Nordel Way and Nordel the on/off ramps to Highway 91 have topped the Delta Police Department’s list of high-collision locations for the third year in a row.
On Thursday, March 12, the DPD released its annual top-10 of the worst collision locations in Delta, and once again Nordel Way made several appearances on the list.
Using DPD data from 2019 of collisions reported to or attended by police, the bottom of Nordel Way hill and the Nordel Way on and off ramps to Highway 91 ranked as the place where drivers are most likely to get into an accident, with Nordel Way between 112th and 116th streets and the Nordel/Scoot Road intersection coming in third and sixth place, respectively.
“We often get questions on why we check for speeders on Nordel Way hill, where the speed limit is actually 60 kilometres per hour,” Staff Sgt Sukh Sidhu, who oversees the DPD’s traffic section, said in a press release. “I hope this data helps clarify why that’s an enforcement hot spot for us. Police officers don’t go into this profession because they want to write tickets. Our goal is to decrease collisions, and prevent injuries and deaths.”
Last year, Delta police saw a three-per cent reduction in the number of collisions reported to or attended to by police as compared to 2018 — 1,152 crashes in total. The most common locations for crashes, in order of worst to least were:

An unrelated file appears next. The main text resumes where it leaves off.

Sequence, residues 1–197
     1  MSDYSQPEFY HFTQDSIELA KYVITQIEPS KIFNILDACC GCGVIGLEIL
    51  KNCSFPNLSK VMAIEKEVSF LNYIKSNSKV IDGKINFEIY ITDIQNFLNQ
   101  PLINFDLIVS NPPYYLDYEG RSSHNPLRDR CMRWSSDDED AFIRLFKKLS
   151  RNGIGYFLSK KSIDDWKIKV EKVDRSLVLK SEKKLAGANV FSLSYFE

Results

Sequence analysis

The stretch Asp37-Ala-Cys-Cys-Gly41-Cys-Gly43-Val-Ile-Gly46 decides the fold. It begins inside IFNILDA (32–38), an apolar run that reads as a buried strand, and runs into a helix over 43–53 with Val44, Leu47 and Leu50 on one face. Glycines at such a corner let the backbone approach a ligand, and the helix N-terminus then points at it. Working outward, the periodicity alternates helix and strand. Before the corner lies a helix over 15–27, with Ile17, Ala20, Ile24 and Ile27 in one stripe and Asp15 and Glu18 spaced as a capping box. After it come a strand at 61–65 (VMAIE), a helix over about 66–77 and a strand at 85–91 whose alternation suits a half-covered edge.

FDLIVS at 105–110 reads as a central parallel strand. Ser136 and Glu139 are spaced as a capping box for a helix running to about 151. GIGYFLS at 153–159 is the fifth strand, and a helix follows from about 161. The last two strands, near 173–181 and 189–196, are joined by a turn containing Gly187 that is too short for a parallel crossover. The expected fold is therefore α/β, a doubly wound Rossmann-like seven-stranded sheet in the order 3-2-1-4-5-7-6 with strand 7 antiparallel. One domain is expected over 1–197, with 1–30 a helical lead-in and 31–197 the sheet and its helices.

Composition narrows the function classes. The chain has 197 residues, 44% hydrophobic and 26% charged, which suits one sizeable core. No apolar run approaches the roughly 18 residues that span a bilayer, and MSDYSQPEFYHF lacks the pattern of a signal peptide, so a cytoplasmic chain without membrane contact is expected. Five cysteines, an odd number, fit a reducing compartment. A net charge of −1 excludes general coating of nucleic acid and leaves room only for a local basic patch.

1)The bottom of Nordel Way hill, and the Nordel Way on and off ramps to Highway 91
2) Scott Road between 70th and 72nd avenues
3) Nordel Way between 112th and 116th streets
4) Highway 17 and the Highway 91 Connector
5) Scott Road between 80th and 84th avenues
6) Nordel Way and Scott Road
7) 112th Street and 84th Avenue
8) Nicholson Road and 72nd Avenue
9) 56th Street and Highway 17
10) Ladner Trunk Road and Highway 17A
The DPD is now using these locations to inform its 2020 traffic enforcement priorities for all traffic and patrol officers. Whenever officers have time to do proactive work, they can choose from one of these areas and record the amount of time they spend doing enforcement on the mobile terminals in their police vehicles.
In 2019, Delta police traffic unit and patrol officers spent 3,833 hours doing enforcement in high-collision areas, looking for speeding, distracted and impaired drivers, among other infractions. That does not include the significant amount of time officers spent investigating accident scenes and appearing in court.
“That’s 479 full days of enforcement, just in these high collision areas,” Sidhu said. “We spent additional enforcement time enforcing school zones, doing distracted driving and impaired driving enforcement, and responding to community concerns.”
Residents and commuters can stay up to date on DPD traffic enforcement efforts and road closures by following @DPDTraffic on Twitter.